Tax changes are expected as part of the budget reconciliation process. We are not sure yet if 2017 will bring major tax reform or just tax cuts, but tax rates are expected to decrease for both individuals and businesses. Candidate Trump called for elder care and child care tax deductions and/or credits. He has also stated his plan to eliminate the federal estate tax, then charge capital gains tax on everything over $10 million, with exemptions for family farms and small businesses.

We may also see some changes to the ABLE Act (Achieving a Better Life Experience), which passed in December 2014 and amended Section 529 Plans. Currently, ABLE allows people with disabilities developed before the age of 26 and their families to set up tax-exempt savings accounts, which can be used to cover qualified disability expenses such as, but not limited to, education, housing and transportation. Revisions in 2017 may raise the age to 46, allow those working to put in more money, and allow rollovers of these accounts.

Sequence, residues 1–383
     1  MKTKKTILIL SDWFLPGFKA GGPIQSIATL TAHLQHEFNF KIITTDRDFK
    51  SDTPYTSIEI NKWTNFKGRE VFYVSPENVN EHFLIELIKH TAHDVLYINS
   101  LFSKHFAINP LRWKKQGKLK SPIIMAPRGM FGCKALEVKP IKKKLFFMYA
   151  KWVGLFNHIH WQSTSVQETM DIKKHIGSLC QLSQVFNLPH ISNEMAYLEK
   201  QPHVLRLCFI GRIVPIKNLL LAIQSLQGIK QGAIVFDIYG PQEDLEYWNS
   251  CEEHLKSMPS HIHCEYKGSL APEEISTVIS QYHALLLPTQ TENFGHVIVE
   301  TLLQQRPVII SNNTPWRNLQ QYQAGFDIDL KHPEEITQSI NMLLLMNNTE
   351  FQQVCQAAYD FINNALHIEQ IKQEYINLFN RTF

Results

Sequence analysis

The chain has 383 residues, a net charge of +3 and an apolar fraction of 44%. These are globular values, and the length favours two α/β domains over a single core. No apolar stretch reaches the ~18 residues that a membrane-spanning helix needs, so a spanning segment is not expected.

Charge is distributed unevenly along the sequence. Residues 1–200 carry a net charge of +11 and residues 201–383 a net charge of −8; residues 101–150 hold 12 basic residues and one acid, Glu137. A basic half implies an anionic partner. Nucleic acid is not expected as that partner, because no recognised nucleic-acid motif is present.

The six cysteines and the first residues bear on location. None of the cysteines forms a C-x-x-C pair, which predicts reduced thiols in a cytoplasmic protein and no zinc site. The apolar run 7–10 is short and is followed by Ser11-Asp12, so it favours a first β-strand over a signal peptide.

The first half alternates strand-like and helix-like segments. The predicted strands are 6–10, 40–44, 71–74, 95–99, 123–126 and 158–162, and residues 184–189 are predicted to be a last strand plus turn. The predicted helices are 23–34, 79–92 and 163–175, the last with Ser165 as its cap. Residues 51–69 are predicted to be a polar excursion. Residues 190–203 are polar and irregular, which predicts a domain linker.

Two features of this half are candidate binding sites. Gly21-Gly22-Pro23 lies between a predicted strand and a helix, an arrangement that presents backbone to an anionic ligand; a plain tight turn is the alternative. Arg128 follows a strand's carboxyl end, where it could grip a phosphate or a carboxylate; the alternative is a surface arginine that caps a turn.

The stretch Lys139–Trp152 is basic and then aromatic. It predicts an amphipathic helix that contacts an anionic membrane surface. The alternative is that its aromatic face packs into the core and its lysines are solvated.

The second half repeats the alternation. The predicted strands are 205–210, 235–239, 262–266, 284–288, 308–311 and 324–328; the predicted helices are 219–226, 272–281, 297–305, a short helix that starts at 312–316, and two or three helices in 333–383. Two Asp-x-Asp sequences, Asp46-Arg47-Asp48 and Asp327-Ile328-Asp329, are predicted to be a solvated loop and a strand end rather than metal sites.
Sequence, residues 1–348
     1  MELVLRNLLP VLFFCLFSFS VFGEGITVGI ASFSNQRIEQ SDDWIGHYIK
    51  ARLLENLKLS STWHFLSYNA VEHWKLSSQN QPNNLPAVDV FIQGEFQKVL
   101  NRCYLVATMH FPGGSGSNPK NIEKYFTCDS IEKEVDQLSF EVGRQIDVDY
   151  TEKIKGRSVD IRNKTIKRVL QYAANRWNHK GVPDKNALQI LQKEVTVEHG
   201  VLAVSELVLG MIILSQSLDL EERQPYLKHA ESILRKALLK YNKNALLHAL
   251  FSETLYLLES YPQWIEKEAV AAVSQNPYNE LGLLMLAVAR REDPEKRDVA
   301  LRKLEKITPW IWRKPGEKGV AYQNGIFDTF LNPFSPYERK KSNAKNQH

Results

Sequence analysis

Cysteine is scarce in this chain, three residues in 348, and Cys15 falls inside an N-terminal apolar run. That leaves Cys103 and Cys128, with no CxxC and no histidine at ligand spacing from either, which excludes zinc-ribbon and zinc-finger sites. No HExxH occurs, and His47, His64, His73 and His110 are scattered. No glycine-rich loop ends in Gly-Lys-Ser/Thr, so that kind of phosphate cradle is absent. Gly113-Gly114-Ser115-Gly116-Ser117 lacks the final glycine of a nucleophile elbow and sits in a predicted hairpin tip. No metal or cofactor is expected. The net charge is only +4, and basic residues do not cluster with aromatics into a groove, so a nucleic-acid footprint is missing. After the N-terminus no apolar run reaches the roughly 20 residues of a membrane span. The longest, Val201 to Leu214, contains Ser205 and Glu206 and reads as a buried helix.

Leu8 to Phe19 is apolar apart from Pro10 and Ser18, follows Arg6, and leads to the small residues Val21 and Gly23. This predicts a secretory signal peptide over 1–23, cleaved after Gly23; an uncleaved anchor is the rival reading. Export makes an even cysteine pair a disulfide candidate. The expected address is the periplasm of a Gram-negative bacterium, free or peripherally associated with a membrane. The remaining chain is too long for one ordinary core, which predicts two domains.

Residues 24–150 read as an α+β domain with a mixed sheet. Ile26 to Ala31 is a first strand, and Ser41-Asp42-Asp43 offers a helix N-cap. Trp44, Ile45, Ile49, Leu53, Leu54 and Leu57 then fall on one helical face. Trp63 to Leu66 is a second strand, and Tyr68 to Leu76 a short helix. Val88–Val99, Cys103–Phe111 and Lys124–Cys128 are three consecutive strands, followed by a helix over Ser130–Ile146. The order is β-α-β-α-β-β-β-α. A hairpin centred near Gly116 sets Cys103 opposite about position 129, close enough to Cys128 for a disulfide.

Medicare Reform

President-elect Trump started by saying he was going to protect Medicare and Social Security. After meeting with House Speaker Paul Ryan, he said he will modernize Medicare. Reince Priebus, incoming chief of staff, recently insisted that Mr. Trump won’t meddle with Medicare or Social Security. Instead, he has said he will focus on 1) improving the economy, which will reduce the debt and ease entitlement concerns and 2) save Medicaid, Medicare and Social Security without cuts while eliminating fraud, waste and abuse.